In the evening, purchase tickets for The Night Spectacular, which runs on selected days throughout the year and presents an exquisite light and sound show depicting a historical journey spanning thousands of years, projected against the backdrop of the Tower of David.
Just like summer in Jerusalem, winter is also a popular season for festivals. The Shaon Horef Cultural Festival is a special opportunity to take to the streets with hundreds of artists and musicians for free performances and more. Jazz lovers are in for a treat at the International Music Showcase Festival, spotlighting a mix of Israeli jazz alongside music ensembles and genres across rock, indie and electronic. And of course, Chanukah is always a time for celebration across Israel, and in Jerusalem in particular, you can catch the candle lighting at sunset by the Western Wall, not to mention, sample creative varieties and flavors of freshly baked sufganiyot (doughnuts) during the holiday!
Tel Aviv enjoys 300 days a year of sunshine, with a very short, albeit often rainy, winter, when temperatures tend to drop in December and pick back up in March. So when is the best time to go to Israel, Tel-Aviv? Always! Regardless of the weather, there’s an endless list of things to do and places to explore in the non-stop city.
Tel Aviv’s hot summer sees temperatures in June hovering in the low 80s, reaching above 90˚F by August. And when the heat cranks up, you can bet both Tel Avivians and visitors flock to the beach in their hoards for a splash in the cooling Mediterranean waters. You can also sunscreen up and hit the volleyball courts, outdoor gyms or take to the water itself for SUP or surfing! Equipment is available to rent at various locations including Israel Surf Club. Be mindful, during May to September, jellyfish are out in full force, even in shallow waters, so watch your footing!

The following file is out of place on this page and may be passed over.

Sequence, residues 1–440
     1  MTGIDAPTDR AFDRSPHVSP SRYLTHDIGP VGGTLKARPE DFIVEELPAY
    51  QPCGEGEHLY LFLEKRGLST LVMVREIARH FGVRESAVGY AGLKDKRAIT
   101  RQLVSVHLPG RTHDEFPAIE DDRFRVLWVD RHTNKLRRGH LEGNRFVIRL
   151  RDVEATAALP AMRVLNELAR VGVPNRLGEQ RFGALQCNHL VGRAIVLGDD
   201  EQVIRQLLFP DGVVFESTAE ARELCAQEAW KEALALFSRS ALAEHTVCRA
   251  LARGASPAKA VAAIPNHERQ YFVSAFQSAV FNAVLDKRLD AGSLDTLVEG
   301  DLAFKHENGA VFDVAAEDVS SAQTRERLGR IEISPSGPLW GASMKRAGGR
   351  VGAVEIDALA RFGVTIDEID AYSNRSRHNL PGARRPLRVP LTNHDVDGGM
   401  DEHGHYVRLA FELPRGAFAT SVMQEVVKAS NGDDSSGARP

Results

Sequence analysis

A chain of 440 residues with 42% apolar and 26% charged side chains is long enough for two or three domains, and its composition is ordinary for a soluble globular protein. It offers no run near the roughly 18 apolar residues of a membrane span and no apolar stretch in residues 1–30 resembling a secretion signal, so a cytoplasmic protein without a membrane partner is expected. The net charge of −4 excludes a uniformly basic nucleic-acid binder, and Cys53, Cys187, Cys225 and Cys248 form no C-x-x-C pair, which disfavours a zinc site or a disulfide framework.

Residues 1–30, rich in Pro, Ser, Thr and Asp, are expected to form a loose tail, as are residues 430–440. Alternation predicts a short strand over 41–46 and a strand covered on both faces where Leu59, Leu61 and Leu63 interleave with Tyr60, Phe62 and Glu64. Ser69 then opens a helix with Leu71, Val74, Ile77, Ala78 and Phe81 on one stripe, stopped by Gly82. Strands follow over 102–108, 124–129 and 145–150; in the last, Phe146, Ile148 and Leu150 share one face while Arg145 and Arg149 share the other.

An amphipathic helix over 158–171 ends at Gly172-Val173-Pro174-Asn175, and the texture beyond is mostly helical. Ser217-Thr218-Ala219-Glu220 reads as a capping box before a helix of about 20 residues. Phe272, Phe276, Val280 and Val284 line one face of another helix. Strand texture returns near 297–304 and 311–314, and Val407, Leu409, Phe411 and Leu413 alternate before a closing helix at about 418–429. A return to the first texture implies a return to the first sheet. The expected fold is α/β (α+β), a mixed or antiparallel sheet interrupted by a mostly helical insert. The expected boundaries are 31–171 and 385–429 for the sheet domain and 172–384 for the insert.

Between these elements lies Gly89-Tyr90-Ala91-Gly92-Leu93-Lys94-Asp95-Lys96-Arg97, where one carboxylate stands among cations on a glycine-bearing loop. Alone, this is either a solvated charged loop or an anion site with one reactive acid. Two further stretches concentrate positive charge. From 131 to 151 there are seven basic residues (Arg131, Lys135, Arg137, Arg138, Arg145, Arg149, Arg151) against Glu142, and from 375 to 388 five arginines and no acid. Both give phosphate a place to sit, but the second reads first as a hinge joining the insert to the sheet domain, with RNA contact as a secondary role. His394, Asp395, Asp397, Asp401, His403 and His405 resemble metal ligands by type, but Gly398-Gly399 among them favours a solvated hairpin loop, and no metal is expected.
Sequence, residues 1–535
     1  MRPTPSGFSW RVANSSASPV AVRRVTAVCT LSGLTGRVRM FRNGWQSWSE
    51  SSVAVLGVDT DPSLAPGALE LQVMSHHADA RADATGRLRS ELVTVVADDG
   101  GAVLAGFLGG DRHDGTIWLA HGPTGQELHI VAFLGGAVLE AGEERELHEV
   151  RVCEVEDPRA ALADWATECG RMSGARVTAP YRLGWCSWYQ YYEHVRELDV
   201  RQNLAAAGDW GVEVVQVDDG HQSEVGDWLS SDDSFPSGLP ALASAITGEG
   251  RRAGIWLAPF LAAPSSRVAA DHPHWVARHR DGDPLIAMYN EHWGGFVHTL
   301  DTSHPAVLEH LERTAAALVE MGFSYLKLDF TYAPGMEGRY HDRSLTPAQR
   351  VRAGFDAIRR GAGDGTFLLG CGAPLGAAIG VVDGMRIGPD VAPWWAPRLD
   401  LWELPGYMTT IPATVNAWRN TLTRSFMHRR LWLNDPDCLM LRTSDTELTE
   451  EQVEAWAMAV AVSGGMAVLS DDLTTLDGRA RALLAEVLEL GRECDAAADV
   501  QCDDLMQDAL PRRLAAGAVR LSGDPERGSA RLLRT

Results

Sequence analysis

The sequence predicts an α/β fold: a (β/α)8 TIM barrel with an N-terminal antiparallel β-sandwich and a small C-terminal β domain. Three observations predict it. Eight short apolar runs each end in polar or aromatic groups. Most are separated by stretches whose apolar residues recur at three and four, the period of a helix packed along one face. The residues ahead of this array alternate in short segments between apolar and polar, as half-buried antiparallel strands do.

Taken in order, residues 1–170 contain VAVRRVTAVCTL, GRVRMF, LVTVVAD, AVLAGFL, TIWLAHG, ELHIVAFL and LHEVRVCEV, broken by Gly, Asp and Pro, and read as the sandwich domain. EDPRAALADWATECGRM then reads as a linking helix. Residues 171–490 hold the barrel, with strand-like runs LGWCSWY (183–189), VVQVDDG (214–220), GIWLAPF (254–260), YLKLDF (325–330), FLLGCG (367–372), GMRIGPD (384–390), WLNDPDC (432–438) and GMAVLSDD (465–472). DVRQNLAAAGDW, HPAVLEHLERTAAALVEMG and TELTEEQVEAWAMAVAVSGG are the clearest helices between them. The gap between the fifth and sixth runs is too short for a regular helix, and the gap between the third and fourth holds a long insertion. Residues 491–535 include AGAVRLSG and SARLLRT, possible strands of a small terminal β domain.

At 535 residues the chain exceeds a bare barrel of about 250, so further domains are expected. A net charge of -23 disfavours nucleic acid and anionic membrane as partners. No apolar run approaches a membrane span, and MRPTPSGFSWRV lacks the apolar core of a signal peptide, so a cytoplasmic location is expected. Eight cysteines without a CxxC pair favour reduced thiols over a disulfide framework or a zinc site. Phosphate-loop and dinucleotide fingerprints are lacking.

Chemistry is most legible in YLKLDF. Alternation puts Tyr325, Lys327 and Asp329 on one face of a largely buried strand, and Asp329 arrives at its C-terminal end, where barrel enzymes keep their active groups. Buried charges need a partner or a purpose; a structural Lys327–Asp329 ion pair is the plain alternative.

Other popular spots to soak up the weather are at the city’s green lungs, from the sprawling Park Hayarkon in the north, featuring pedal and rowboats, plenty of greenery and miles of bike lanes, to Gan HaPisga (also known as Summit Garden) in Jaffa—a sublime spot overlooking the Tel Aviv skyline. Stop by the Wishing Bridge featuring zodiac signs to make a wish on yours!
Nowhere quite captures the spirit of the city like al fresco dining in Tel Aviv and Jaffa by night. Tables and chairs line the sidewalks and cobble streets, packed with diners who feast on their choice of fare. North Abraxas and Santa Katarina are frequented go-tos by the locals, whilst Onza and Cafe Pua are some of Jaffa’s hotspots.
As late evening draws, Tel Aviv’s port becomes a converging spot for partygoers who can drink and dance to their heart’s content in the open air, all night long.
In the winter season, temperatures can fall to a low of 46˚F, although heat waves have been known to occur during this time. It’s smart to be prepared for unpredictable rainy spells with waterproofs and an umbrella in tow.
Tel Aviv’s dynamic offerings do not stop though, even when the weather shifts. For example, home to a flourishing fashion scene, there are indoor malls for exploring at Dizengoff Center and the luxurious Fashion Mall Tel Aviv, brimming with local and international brands.
For a bite of indoor eating, Sarona’s spacious indoor food market is the place to sample a flavor of food from across the globe. The complex opened back in 2015, born on the land once housing the city’s German Templar Colony. The restoration project features a sprawl of restaurants, local businesses and retail stores for your choosing.
You can also indulge in a spa treatment, at the likes of Yoko Kitahara, a luxurious spot embracing Japanese tradition in Jaffa; catch an independent film at the cultural landmark Cinematheque in the center of the city; or explore one of the city’s many museums such as the Museum of the Jewish People which relays the story of Jewish people throughout the generations.
And despite a possible chill in the air, the bars and clubs remain packed year round, meaning your next cocktail is just around the corner. Also, many festivals and events take place during winter, such as the Tel Aviv Jazz Festival, featuring an annual line-up of top performers.